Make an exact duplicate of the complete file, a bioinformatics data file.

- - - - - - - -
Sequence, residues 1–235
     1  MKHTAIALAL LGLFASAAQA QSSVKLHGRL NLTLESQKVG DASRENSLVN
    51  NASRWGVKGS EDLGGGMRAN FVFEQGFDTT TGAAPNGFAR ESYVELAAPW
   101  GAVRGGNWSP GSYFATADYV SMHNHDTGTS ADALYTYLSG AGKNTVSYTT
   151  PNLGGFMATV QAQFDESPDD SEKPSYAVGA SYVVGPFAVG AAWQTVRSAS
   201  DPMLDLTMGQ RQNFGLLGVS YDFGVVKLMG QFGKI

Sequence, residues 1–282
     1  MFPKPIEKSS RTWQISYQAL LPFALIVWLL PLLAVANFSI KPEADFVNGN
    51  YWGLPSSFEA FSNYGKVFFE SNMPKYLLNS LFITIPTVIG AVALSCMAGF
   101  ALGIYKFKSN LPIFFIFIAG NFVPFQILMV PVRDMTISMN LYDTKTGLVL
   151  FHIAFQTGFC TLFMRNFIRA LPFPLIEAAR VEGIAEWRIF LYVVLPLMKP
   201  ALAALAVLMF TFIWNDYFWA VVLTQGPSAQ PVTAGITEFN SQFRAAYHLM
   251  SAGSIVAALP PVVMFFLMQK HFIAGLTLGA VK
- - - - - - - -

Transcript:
Sequence, residues 1–235
     1  MKHTAIALAL LGLFASAAQA QSSVKLHGRL NLTLESQKVG DASRENSLVN
    51  NASRWGVKGS EDLGGGMRAN FVFEQGFDTT TGAAPNGFAR ESYVELAAPW
   101  GAVRGGNWSP GSYFATADYV SMHNHDTGTS ADALYTYLSG AGKNTVSYTT
   151  PNLGGFMATV QAQFDESPDD SEKPSYAVGA SYVVGPFAVG AAWQTVRSAS
   201  DPMLDLTMGQ RQNFGLLGVS YDFGVVKLMG QFGKI

Sequence, residues 1–282
     1  MFPKPIEKSS RTWQISYQAL LPFALIVWLL PLLAVANFSI KPEADFVNGN
    51  YWGLPSSFEA FSNYGKVFFE SNMPKYLLNS LFITIPTVIG AVALSCMAGF
   101  ALGIYKFKSN LPIFFIFIAG NFVPFQILMV PVRDMTISMN LYDTKTGLVL
   151  FHIAFQTGFC TLFMRNFIRA LPFPLIEAAR VEGIAEWRIF LYVVLPLMKP
   201  ALAALAVLMF TFIWNDYFWA VVLTQGPSAQ PVTAGITEFN SQFRAAYHLM
   251  SAGSIVAALP PVVMFFLMQK HFIAGLTLGA VK